We live in a global market that offers—and demands—more for less.
This means organizations have to do what they do better, faster and cheaper than ever before. It also means they have to adapt to a myriad of changes with minimal trauma and distraction. Because it is a global market, an organization’s competitors are no longer just around the corner. Competition can come from any corner of the world from any size enterprise.
At the same time, those who work in and with these organizations also want more for less. They want more income, more personal freedom and more challenge and excitement in what they do. And the global market now offers them multiple options for satisfying their needs.
MORE WITH LESS?
Trying to meet everyone’s expectations of “more with less” is no easy feat. Leaders have been trying to do it for some time with very mixed results. Consider this track record:
• Only 30% of companies with Quality programs say they are successful. Most Quality programs last only two or three years.
• Only 20% of those with self-directed teams say they are getting better results.
• The success rates for reengineering and mergers are equally discouraging—ranging between 20-30% success.
• Only 30% of new incentive plans, such as gainsharing, achieve their desired outcomes.
• The effectiveness of downsizing efforts is even more bleak. An American Management Association study of 700 firms who downsized reported that 86% had seen employee morale collapse, 66% saw no improvement in efficiency and only 50% improved their profits even as long as five years after they downsized.
These developments are but the latest data points in a more significant bigger picture. Looking more broadly at the world of organizations, consider what the following organizations all have in common:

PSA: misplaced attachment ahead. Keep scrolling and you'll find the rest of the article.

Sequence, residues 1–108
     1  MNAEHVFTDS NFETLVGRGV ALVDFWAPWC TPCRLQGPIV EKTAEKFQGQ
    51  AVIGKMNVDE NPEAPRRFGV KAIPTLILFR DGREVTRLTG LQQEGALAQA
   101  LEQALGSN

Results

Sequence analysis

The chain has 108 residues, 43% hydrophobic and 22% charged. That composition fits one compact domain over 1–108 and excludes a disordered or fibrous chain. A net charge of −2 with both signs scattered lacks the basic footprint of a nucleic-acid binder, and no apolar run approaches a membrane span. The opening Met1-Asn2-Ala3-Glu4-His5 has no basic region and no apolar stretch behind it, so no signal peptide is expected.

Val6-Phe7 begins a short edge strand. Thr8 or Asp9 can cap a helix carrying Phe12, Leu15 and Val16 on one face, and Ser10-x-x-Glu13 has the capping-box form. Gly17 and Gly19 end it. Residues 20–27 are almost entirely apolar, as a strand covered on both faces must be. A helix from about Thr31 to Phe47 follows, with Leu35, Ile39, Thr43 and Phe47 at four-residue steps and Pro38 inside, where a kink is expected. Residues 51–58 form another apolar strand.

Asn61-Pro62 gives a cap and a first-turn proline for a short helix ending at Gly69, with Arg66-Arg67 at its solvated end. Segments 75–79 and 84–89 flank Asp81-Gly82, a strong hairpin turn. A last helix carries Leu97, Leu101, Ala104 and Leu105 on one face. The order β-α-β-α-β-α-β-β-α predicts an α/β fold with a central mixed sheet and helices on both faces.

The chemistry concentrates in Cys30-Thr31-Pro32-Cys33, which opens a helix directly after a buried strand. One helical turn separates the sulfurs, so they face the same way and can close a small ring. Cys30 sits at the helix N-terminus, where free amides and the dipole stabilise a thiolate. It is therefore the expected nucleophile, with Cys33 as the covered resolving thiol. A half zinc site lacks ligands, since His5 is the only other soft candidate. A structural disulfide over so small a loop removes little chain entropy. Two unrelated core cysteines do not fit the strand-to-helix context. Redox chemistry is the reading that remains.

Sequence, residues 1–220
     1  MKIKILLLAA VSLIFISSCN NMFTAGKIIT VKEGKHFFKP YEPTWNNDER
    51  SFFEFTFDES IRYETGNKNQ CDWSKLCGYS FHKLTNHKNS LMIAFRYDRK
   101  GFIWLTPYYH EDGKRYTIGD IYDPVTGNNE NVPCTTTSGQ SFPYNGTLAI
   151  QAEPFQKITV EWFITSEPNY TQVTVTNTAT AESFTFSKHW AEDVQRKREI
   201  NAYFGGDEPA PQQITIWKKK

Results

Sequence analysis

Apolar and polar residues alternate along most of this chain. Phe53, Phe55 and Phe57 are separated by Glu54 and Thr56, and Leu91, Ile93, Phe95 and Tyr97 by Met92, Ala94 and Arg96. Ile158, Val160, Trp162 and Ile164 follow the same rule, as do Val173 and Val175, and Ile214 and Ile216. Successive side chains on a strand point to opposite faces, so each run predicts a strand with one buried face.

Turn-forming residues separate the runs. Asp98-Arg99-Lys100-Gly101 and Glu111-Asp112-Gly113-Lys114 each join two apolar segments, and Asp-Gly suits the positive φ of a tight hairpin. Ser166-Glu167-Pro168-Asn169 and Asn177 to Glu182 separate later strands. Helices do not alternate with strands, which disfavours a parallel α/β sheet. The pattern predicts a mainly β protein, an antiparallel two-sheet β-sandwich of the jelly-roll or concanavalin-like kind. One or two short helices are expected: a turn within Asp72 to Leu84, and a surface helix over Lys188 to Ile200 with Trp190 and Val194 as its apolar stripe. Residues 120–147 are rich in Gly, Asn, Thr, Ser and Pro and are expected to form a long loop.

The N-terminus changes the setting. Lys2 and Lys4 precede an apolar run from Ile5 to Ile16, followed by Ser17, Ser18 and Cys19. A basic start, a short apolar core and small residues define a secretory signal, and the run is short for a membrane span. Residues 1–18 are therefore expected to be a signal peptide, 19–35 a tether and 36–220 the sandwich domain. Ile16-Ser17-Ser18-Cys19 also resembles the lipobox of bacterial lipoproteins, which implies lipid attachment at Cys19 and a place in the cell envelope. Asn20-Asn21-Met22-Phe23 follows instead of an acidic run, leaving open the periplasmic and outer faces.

• Cambria Steel
• Guggenheim Exploration
• Lehigh and Wilkes-Barre Coal
• Pressed Steel Car
• Intercontinental Rubber
• Schwarzchild and Sulzberger
• Central Leather
Each of these institutions was one of the top 100 U.S. firms in 1909, but none exists today as an independent entity. They are either out of business or a minor player in some larger corporation. Some were quite large in their glory days (Central Leather was number seven on the 1909 list). Unfortunately they were not able to maintain whatever it was that made them successful. In a few management generations they have disappeared. These seven are certainly not unusual: of the top 100 U.S. industrial firms in 1909, only 14 are still in the elite group today. Only 23 are still around at all!
On the other hand, think about what the following corporations have in common:
• U.S. Steel (now USX)
• E. I. Dupont De Nemours
• Eastman Kodak
• Standard Oil (now Exxon)
These companies were also in the Top 100 in 1909 and they (or the organization of which they play a leading role) are still there based on the latest Fortune Magazine list of the top 500 Industrial firms. But even those in today’s top 100 are anything but secure. Each of the five companies listed above has been undergoing serious business shakeups and downsizing in an attempt to remain competitive in the global market. And other giants such as General Motors, IBM, and Sears have experienced severe economic problems in recent years as profits have been down and thousands have lost their jobs. They are straining to do more with less just like everybody else.
The struggle for life isn’t something peculiar to large corporations. What about the small enterprises that enter the global market’s competitive field every day? Research indicates that approximately one million people in the United States start their own business each year. Unfortunately, by the end of the first year at least 40% of them will be out of business. And more than 80% of the small businesses that survive the first five years will fail in the second five. Is this what the global market will be known for: creating countless shooting stars who burst onto the scene and then fade as rapidly as they appear?
These alarming trends aren’t just in businesses either. Budget cutters are trimming whole departments in government. Schools from kindergartens to universities are closing down or scaling back significantly as the educational structure reshuffles.
Why is it that with all our technical advances, with our unparalleled capacity to learn and store knowledge, with the coming of reengineering, balanced scorecards and Quality management—why is it with all this going for us we are unable to build organizations that can hold up over time? This will be discussed in PART 2.